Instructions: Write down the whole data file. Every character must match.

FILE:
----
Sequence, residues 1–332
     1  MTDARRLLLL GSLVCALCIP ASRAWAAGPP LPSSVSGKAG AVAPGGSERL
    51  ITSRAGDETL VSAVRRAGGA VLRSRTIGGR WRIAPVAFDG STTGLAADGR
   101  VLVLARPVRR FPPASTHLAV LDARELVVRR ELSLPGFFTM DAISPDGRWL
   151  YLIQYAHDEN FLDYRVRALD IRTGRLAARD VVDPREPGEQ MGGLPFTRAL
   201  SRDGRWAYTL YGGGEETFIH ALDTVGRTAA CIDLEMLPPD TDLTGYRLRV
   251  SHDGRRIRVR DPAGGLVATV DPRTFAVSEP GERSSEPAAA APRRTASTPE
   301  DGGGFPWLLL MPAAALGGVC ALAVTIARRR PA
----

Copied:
Sequence, residues 1–332
     1  MTDARRLLLL GSLVCALCIP ASRAWAAGPP LPSSVSGKAG AVAPGGSERL
    51  ITSRAGDETL VSAVRRAGGA VLRSRTIGGR WRIAPVAFDG STTGLAADGR
   101  VLVLARPVRR FPPASTHLAV LDARELVVRR ELSLPGFFTM DAISPDGRWL
   151  YLIQYAHDEN FLDYRVRALD IRTGRLAARD VVDPREPGEQ MGGLPFTRAL
   201  SRDGRWAYTL YGGGEETFIH ALDTVGRTAA CIDLEMLPPD TDLTGYRLRV
   251  SHDGRRIRVR DPAGGLVATV DPRTFAVSEP GERSSEPAAA APRRTASTPE
   301  DGGGFPWLLL MPAAALGGVC ALAVTIARRR PA